Universally Designed Math: Positive Implications for Students
with Learning Disabilities
Steve Noble, Director of Accessibility Policy
Design Science, Inc.
According to data from the National Assessment of Educational Progress
(NAEP), there is great disparity between the levels of math literacy for
students with disabilities when compared to the results for students without
disabilities. Since math scores for students with disabilities are also being
closely examined by the State assessments required under No Child Left Behind
(NCLB), this issue will become even more critical for all public schools in the
coming years. A number of studies have found that students with learning
disabilities, in particular, experience more significant difficulties in
acquiring math skills than do their peers without disabilities (Miller & Mercer,
1997).
There are undoubtedly many factors at work which have a connection to the
poor math performance of students with disabilities. A fundamental contributing
factor is that virtually all mainstream math instructional content and math
assessments are not designed to be utilized with the assistive technology
products that many students with disabilities use, and are thus not accessible.
This is especially true of classroom textbooks, which are commonly used to
determine the instructional math program for students in most school settings.
75% to 90% of all classroom instruction is based on textbooks, and, in most
cases, those books define the scope and sequence of the material being taught
(Tyson & Woodward, 1989). This is also the case with math instruction, where 80%
to 90% percent of grades 4  12 math and science classrooms use textbooks
(Hudson & McMahon, 2002).
Standard print textbooks are inaccessible to a large percentage of students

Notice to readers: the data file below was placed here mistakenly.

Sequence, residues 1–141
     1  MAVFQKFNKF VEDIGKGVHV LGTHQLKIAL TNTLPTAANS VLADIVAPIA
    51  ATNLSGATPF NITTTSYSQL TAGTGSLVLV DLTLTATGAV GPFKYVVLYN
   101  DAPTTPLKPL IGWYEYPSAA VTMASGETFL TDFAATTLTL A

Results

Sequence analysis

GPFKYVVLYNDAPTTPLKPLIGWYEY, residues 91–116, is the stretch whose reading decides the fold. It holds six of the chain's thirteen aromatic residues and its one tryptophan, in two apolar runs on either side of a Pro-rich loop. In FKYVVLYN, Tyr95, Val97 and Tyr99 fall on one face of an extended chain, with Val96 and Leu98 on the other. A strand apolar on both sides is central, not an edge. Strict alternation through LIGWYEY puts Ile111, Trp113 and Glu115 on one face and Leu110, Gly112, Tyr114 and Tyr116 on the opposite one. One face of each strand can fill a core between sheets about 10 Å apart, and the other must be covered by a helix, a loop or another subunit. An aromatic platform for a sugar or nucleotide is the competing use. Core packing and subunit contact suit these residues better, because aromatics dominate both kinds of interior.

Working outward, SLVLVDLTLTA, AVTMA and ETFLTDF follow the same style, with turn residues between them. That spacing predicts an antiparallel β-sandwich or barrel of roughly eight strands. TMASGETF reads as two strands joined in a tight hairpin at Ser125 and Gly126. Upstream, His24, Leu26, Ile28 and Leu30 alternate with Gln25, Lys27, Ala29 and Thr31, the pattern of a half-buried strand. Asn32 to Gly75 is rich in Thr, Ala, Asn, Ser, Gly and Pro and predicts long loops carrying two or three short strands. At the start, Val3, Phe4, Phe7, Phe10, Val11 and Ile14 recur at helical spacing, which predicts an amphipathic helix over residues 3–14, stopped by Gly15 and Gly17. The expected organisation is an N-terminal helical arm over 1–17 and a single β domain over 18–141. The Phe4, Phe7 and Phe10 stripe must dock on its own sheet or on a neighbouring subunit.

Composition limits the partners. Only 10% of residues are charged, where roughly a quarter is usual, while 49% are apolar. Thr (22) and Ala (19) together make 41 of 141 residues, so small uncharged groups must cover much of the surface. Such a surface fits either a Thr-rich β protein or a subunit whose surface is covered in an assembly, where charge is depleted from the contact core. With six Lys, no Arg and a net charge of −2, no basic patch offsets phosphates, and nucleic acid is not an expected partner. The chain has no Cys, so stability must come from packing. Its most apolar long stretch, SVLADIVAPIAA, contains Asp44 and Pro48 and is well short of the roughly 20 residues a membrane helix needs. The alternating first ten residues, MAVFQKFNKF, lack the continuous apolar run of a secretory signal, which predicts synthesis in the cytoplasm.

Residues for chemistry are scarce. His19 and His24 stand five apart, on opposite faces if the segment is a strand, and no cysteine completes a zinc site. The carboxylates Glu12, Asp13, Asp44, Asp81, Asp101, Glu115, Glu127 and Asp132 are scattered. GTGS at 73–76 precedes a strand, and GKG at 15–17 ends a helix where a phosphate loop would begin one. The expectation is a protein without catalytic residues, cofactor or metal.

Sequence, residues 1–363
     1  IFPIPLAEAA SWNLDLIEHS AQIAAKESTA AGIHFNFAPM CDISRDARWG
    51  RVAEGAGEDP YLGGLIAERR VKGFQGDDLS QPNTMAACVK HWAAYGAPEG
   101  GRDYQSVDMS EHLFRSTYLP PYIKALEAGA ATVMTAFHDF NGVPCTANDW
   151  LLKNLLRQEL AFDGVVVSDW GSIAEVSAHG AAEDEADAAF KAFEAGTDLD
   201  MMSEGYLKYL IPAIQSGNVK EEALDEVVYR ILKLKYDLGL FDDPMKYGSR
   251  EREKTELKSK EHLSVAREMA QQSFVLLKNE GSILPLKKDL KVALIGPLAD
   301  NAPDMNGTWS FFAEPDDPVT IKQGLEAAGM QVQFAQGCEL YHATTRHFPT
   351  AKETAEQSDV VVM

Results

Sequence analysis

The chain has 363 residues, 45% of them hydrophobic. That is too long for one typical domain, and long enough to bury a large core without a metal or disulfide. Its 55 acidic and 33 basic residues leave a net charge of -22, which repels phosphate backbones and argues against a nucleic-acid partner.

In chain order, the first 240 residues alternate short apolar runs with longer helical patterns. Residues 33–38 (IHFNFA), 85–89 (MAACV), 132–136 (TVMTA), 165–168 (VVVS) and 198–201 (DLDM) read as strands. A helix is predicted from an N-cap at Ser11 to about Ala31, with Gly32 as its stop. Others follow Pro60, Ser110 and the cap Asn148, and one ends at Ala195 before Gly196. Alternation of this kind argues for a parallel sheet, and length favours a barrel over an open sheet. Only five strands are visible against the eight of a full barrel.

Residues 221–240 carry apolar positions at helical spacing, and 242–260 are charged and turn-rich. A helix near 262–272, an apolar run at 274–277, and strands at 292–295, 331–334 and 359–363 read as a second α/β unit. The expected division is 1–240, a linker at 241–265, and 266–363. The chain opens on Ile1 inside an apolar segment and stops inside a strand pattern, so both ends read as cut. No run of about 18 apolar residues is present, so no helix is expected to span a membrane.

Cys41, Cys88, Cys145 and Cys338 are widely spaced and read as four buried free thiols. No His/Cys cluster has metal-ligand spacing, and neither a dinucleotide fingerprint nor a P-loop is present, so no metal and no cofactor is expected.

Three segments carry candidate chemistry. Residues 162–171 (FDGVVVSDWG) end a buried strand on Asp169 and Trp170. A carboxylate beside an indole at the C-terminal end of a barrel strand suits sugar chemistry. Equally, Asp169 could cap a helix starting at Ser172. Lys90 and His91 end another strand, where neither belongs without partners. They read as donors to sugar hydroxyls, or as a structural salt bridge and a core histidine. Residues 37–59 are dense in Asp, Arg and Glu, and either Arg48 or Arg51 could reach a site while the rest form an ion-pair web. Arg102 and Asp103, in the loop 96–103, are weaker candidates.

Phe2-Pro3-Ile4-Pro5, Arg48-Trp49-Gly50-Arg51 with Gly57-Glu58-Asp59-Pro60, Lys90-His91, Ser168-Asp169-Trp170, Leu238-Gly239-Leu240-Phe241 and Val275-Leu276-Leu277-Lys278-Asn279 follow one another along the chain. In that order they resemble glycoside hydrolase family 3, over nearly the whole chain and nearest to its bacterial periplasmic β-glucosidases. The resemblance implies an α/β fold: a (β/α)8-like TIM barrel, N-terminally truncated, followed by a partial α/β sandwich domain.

with learning disabilities and usually require transformation into recorded or
digital formats to provide access to students with various print disabilities
(Stahl, 2004). Math textbooks and assessments will provide much greater
accessibility for students with learning disabilities when they are made
available in universally designed accessible digital formats. Formats that
include rich math content as opposed to just images allow assistive technology
with synthetic speech to read math equations out loud. In addition, they provide
means for students to navigate both visually and aurally through complex math
formulas and highlight expressions as they are read.
This session will provide attendees with the available data mentioned
previously on the problem of poor math performance by students with disabilities
on national standardized tests, such as the NAEP, and will show the connection
to the problem of inaccessible instructional materials and assessments. A
description and demonstration of how universally designed mainstream accessible
math can be made available in the classroom to all studentsboth to those using
assistive technology and those that do notwill be provided. An analysis of the
current status of public policy requiring accessible instructional content and
assessment (such as the NIMAS requirements under IDEA 2004 as well as various
other laws) will be provided during the session, as well as recommendations for
changes to public policy vehicles to explicitly require math accessibility
standards that provide for universally designed mainstream math.
References:
Hudson, S.B., McMahon, K.C. & Overstreet, C.M. (2002). The 2000 National
Survey of Science and Mathematics Education: Compendium of Tables Authors.
Horizon Research.
Miller, S., & Mercer, C. (1997). Educational Aspects of Mathematics
Disabilities. Journal of Learning Disabilities, 30 (1), 4756.
Stahl, S. (2004). The promise of accessible textbooks: increased achievement
for all students. Wakefield, MA: National Center on Accessing the General
Curriculum. Retrieved 052606 from
http://www.cast.org/publications/ncac/ncac_accessible.html
Tyson, H., & Woodward, A. (1989). Why students aren't learning very much from
textbooks. Educational Leadership, 47 (3), 1417.